5. Remington R51 

The most conventional of all of these flops is the Remington R51. It’s a single-stack 9mm gun from Remington that was a little late to the single-stack-nine game, but it seemed fairly nice. It also made use of the Pedersen hesitation-locked action. Remington adopted the Model 51 to the R51 in 2014, and people were excited. I was one of them. 

The remington R51 profile
My contrarian nature liked the design and odd hesitation delay. 

The Remington R51 offered us a novel-looking firearm with an art deco style at a time when most guns were black rectangles on black rectangles. The gun made it to market, but almost immediately, it lagged with problems. Several reliability issues, as well as problems with magazines. Not to mention it had a small issue with firing out of battery. 

The Remington R51 was subject to recall, and generation two was released. The second gen was better but still had some minor issues. The biggest issue was the gun’s reputation was ruined. This made the second-gen a flop, and in 2018 Remington went bankrupt.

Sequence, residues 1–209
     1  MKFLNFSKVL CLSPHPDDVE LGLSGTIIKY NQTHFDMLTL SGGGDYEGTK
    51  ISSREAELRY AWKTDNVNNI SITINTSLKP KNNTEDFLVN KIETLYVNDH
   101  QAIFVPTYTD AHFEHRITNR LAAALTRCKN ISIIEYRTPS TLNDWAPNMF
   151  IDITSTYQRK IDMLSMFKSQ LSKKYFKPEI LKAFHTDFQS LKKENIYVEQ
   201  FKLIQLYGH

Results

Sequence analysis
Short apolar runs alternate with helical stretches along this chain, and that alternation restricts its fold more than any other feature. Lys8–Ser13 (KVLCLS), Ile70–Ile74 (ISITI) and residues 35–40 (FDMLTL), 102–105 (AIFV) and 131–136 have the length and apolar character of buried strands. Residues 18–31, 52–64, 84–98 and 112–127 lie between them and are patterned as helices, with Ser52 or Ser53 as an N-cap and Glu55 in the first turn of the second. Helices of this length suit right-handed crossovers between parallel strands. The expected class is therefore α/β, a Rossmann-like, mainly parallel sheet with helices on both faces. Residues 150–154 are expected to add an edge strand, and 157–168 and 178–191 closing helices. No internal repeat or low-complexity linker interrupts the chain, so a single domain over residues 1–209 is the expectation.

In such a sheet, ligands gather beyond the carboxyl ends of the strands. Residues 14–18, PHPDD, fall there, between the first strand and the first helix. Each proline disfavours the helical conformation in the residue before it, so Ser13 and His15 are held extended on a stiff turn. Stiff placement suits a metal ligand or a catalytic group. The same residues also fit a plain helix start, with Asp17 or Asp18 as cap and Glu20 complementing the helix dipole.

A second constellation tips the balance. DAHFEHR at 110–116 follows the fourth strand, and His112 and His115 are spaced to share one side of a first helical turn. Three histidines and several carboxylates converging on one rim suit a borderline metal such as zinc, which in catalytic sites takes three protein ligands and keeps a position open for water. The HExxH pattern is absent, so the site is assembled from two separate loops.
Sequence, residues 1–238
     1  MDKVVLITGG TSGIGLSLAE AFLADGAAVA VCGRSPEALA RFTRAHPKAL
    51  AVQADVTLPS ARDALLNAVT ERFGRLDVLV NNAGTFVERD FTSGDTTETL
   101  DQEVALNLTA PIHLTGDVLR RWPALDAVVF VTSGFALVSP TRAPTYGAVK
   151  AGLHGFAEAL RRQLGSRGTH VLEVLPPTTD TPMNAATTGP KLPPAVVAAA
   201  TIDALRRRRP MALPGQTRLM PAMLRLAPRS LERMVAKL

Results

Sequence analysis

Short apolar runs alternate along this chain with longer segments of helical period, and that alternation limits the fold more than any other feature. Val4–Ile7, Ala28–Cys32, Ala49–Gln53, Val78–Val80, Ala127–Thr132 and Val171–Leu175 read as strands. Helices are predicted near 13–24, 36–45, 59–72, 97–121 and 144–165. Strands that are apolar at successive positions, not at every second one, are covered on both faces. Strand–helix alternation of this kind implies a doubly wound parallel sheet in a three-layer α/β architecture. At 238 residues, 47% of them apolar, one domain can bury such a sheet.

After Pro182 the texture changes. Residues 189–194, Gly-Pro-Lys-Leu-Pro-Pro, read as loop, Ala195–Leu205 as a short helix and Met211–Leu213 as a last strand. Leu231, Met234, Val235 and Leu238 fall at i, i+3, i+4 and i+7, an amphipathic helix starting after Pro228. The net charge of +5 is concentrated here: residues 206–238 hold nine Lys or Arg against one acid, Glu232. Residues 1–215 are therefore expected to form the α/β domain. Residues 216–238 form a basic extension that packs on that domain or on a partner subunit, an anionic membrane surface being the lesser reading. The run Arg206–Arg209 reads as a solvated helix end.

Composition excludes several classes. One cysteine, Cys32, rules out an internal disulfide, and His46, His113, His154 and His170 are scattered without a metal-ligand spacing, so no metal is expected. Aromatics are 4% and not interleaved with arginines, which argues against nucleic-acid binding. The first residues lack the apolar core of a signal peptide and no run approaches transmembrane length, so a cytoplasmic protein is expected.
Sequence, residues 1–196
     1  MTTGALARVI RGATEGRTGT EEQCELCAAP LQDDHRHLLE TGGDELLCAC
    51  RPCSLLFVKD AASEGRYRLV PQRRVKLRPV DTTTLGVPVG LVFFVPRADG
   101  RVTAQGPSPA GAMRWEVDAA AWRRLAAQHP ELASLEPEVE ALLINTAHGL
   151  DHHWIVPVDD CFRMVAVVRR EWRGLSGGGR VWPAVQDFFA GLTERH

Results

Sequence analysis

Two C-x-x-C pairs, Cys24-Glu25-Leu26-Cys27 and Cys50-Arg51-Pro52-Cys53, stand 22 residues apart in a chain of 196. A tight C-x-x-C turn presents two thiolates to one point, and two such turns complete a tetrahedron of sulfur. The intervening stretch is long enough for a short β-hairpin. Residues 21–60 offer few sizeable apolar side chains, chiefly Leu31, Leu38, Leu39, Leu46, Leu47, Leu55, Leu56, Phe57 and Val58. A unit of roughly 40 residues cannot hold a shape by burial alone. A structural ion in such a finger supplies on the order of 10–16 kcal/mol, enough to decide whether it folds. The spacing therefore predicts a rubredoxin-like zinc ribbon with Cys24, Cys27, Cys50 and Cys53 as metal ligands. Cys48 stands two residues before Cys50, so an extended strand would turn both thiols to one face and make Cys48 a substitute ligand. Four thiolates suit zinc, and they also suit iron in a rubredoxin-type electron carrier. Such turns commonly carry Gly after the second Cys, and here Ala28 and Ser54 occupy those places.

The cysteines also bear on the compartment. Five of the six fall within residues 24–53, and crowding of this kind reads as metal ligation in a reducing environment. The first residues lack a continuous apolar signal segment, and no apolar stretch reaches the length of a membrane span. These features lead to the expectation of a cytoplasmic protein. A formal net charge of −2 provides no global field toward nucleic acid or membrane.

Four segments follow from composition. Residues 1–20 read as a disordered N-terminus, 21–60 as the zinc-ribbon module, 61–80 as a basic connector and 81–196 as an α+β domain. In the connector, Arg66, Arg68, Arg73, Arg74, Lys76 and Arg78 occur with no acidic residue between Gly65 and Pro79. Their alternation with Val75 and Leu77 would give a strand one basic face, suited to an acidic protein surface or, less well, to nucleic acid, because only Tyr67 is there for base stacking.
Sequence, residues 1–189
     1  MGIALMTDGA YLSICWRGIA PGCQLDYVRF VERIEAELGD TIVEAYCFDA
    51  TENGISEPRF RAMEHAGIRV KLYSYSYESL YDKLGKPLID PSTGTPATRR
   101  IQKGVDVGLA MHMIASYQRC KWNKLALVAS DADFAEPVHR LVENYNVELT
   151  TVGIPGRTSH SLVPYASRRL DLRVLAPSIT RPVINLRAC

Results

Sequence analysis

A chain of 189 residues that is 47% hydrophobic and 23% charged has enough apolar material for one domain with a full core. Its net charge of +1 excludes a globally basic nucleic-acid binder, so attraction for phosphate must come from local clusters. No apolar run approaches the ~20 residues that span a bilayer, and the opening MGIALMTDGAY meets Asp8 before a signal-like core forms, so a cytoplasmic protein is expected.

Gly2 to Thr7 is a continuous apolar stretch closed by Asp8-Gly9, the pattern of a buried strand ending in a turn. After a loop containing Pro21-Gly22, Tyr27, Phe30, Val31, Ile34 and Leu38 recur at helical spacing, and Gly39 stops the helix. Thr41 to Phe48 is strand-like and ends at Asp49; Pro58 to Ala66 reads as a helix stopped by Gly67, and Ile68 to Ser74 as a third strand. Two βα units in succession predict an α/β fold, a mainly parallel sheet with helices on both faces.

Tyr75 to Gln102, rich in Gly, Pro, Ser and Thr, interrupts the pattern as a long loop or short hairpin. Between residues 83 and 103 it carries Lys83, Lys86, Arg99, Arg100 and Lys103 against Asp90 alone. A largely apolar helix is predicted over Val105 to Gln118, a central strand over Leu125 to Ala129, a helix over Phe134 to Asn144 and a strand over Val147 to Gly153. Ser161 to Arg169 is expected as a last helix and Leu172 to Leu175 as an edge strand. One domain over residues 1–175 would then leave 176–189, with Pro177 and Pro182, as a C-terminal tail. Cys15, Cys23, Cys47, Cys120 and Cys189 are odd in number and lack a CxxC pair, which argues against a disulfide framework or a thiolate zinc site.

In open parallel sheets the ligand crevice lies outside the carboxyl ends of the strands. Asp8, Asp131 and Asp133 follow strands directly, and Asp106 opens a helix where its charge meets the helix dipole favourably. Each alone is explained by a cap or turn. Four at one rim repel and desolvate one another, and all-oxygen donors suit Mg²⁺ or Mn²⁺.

Flopped Like a Fish 

Sometimes the market simply isn’t ready for a great idea. Other times, it’s simply not a great idea in the first place. What do you think? Which was which on this list? What other flops are out there that should be on the list? 

Travis Pike is a former Marine Machine Gunner and a lifelong firearms enthusiast. Now that his days of working a 240B like Charlie Parker on the sax are over he's a regular guy who likes to shoot, write, and find ways to combine the two. He holds an NRA certification as a Basic Pistol Instructor and is probably most likely the world's Okayest firearm instructor. He is a simplicisist when it comes to talking about himself in the 3rd person and a self-professed tactical hipster. Hit him up on Instagram, @travis.l.pike, with story ideas.